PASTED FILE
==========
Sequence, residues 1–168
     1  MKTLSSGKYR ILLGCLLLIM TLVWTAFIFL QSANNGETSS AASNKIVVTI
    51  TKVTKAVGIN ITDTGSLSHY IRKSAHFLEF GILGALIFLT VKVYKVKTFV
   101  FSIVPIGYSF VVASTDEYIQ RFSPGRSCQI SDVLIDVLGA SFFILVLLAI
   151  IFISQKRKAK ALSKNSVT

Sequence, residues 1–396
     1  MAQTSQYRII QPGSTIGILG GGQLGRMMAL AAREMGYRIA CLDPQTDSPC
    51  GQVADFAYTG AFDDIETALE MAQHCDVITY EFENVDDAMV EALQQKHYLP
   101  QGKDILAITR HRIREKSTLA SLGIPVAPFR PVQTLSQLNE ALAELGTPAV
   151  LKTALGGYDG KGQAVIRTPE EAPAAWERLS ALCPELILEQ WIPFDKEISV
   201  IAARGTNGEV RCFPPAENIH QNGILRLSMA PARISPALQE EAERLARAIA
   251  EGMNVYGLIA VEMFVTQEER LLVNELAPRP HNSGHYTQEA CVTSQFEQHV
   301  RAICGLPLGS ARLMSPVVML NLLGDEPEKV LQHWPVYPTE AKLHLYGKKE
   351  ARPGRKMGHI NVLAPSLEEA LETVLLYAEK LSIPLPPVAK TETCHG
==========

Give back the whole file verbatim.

Sequence, residues 1–168
     1  MKTLSSGKYR ILLGCLLLIM TLVWTAFIFL QSANNGETSS AASNKIVVTI
    51  TKVTKAVGIN ITDTGSLSHY IRKSAHFLEF GILGALIFLT VKVYKVKTFV
   101  FSIVPIGYSF VVASTDEYIQ RFSPGRSCQI SDVLIDVLGA SFFILVLLAI
   151  IFISQKRKAK ALSKNSVT

Sequence, residues 1–396
     1  MAQTSQYRII QPGSTIGILG GGQLGRMMAL AAREMGYRIA CLDPQTDSPC
    51  GQVADFAYTG AFDDIETALE MAQHCDVITY EFENVDDAMV EALQQKHYLP
   101  QGKDILAITR HRIREKSTLA SLGIPVAPFR PVQTLSQLNE ALAELGTPAV
   151  LKTALGGYDG KGQAVIRTPE EAPAAWERLS ALCPELILEQ WIPFDKEISV
   201  IAARGTNGEV RCFPPAENIH QNGILRLSMA PARISPALQE EAERLARAIA
   251  EGMNVYGLIA VEMFVTQEER LLVNELAPRP HNSGHYTQEA CVTSQFEQHV
   301  RAICGLPLGS ARLMSPVVML NLLGDEPEKV LQHWPVYPTE AKLHLYGKKE
   351  ARPGRKMGHI NVLAPSLEEA LETVLLYAEK LSIPLPPVAK TETCHG